@spec div(t(), Cldr.Math.number_or_decimal()) ::
  {:ok, t()} | {:error, {module(), String.t()}}

Divide a Money value by a number.

arguments

Arguments

Note that dividing one %Money{} by another is not supported.

returns

Returns

  • {:ok, money} or

  • {:error, reason}

example

Example

iex> Money.div Money.new(:USD, 200), 2
{:ok, Money.new(:USD, 100)}

iex> Money.div(Money.new(:USD, 200), "xx")
{:error, {ArgumentError, "Cannot divide money by \"xx\""}}
@spec equal?(money_1 :: t(), money_2 :: t()) :: boolean()

Returns a boolean indicating if two Money values are equal

arguments

Arguments

returns

Returns

  • true or false

example

Example

iex> Money.equal?(Money.new(:USD, 200), Money.new(:USD, 200))
true

iex> Money.equal?(Money.new(:USD, 200), Money.new(:USD, 100))
false
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from_float!(currency_code, amount, options \\ [])

View Source (since 2.0.0)
@spec from_float!(currency_code(), float(), Keyword.t()) :: t() | no_return()

Returns a %Money{} struct from a currency code and a float amount, or raises an exception if the currency code is invalid.

See Money.from_float/2 for further information.

Note that Money cannot detect lack of precision or rounding errors introduced upstream. This function therefore should be used with great care and its use should be considered potentially harmful.

arguments

Arguments

  • currency_code is an ISO4217 binary or atom currency code or an ISO 24165 token identifier or shortname.

  • amount is a float

  • options is a keyword list of options passed to Money.new/3. The default is [].

examples

Examples

iex> Money.from_float!(:USD, 1.234)
Money.new(:USD, "1.234")

Money.from_float!(:USD, 1.234567890987654)
#=> ** (Money.InvalidAmountError) The precision of the float 1.234567890987654 is greater than 15 which could lead to unexpected results. Reduce the precision or call Money.new/2 with a Decimal or String amount
    (ex_money) lib/money.ex:293: Money.from_float!/2
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from_float(currency_code, amount, options \\ [])

View Source (since 2.0.0)
@spec from_float(float() | currency_code(), float() | currency_code(), Keyword.t()) ::
  t() | {:error, {module(), String.t()}}

Returns a %Money{} struct from a currency code and a float amount, or an error tuple of the form {:error, {exception, message}}.

Floats are fraught with danger in computer arithmetic due to the unexpected loss of precision during rounding. The IEEE754 standard indicates that a number with a precision of 16 digits should round-trip convert without loss of fidelity. This function supports numbers with a precision up to 15 digits and will error if the provided amount is outside that range.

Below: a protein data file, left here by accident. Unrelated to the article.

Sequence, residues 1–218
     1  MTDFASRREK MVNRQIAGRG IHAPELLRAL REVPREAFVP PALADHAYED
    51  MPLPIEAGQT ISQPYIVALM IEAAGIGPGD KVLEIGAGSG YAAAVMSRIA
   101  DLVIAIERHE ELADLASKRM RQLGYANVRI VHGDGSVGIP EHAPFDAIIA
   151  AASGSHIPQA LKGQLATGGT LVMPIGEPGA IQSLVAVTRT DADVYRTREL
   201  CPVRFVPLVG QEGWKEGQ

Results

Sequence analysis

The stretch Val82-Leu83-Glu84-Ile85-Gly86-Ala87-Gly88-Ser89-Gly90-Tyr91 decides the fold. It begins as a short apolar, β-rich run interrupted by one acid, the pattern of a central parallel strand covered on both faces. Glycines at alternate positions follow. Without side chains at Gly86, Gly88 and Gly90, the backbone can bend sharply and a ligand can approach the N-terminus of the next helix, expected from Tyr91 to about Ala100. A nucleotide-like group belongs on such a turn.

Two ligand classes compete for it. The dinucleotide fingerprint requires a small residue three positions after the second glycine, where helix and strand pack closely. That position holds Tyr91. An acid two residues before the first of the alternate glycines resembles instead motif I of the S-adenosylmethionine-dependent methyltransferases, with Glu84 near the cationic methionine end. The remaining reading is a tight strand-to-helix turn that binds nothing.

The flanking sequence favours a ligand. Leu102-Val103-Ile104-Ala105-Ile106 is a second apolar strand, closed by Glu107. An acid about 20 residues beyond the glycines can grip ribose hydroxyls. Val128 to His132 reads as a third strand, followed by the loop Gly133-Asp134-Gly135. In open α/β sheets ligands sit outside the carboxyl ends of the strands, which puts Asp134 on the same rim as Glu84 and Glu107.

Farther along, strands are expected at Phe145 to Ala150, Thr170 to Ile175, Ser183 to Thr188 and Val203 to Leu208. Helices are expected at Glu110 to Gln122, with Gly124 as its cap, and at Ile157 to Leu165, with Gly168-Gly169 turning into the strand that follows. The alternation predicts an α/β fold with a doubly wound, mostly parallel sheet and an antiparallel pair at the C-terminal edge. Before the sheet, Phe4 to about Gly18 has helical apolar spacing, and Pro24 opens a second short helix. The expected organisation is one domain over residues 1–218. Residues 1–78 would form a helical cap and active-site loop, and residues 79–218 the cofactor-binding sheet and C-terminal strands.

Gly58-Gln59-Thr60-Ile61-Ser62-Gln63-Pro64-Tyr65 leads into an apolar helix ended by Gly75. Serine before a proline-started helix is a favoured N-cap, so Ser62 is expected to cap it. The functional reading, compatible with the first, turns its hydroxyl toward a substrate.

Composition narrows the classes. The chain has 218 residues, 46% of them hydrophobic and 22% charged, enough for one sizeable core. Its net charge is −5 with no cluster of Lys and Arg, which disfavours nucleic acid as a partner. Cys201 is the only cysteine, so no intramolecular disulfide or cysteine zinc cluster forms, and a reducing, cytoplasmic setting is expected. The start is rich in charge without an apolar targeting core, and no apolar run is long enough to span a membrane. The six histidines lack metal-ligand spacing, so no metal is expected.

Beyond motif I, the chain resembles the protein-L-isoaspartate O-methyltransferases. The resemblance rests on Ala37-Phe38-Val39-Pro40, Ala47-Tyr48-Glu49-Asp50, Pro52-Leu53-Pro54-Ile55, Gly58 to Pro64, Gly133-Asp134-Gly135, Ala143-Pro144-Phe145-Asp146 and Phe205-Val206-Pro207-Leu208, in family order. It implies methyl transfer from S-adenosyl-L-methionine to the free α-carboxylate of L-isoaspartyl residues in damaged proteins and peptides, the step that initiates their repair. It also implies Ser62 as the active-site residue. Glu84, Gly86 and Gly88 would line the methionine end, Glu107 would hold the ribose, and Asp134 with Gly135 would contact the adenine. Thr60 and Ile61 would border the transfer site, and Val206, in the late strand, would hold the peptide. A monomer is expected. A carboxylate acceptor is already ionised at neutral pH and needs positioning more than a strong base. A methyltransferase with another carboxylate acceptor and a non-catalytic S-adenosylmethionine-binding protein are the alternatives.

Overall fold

Note that Money cannot detect lack of precision or rounding errors introduced upstream. This function therefore should be used with great care and its use should be considered potentially harmful.

arguments

Arguments

  • currency_code is an ISO4217 binary or atom currency code or an ISO 24165 token identifier or shortname.

  • amount is a float

  • options is a keyword list of options passed to Money.new/3. The default is [].

examples

Examples

iex> Money.from_float 1.23456, :USD
Money.new(:USD, "1.23456")

iex> Money.from_float 1.234567890987656, :USD
{:error,
  {Money.InvalidAmountError,
    "The precision of the float 1.234567890987656 is " <>
    "greater than 15 which could lead to unexpected results. " <>
    "Reduce the precision or call Money.new/2 with a Decimal or String amount"}}
Link to this function

from_integer(amount, currency, options \\ [])

View Source
@spec from_integer(integer(), currency_code(), Keyword.t()) ::
  t() | {:error, {module(), String.t()}}

Convert an integer representation of money into a Money struct.

arguments

Arguments

  • integer is an integer representation of a money amount including any decimal digits. ie. 20000 would be interpreted to mean $200.00 if the currency is :USD and no :fractional_digits option was provided.

  • currency is the currency code for the integer. The assumed decimal precision is derived from the currency code if no fractional_digits option is specified.

  • options is a keyword list of options.

options

Options

  • :fractional_digits which determines the currency precision implied by the integer. The valid options are :cash, :accounting, :iso or a non-negative integer. The default is :iso which uses the ISO 4217 definition of currency digits.

All other options are passed to Money.new/3.

returns

Returns

  • A Money.t/0 struct or

  • {:error, {exception, message}}

notes

Notes

Some currencies, like the Iraqi Dinar have a difference in the decimal digits defined by CLDR versus those defined by ISO 4217. CLDR defines the decimal digits for IQD as 0 whereas ISO 4217 defines 3 decimal digits.

Since converting an integer to a money amount is very sensitive to the number of fractional digits specified it is important to be very clear about the precision of the data used with this function and care taken in specifying the :fractional_digits parameter.

examples

Examples

iex> Money.from_integer(20000, :USD)
Money.new(:USD, "200.00")

iex> Money.from_integer(200, :JPY)
Money.new(:JPY, "200")

iex> Money.from_integer(20012, :USD)
Money.new(:USD, "200.12")

iex> Money.from_integer(20012, :USD, fractional_digits: 3)
Money.new(:USD, "20.012")

iex> Money.from_integer(20012, :IQD)
Money.new(:IQD, "20.012")
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get_env(key, default, atom)

View Source

See Cldr.known_currencies/0.

Link to this function

known_current_currencies()

View Source

See Money.Currency.known_current_currencies/0.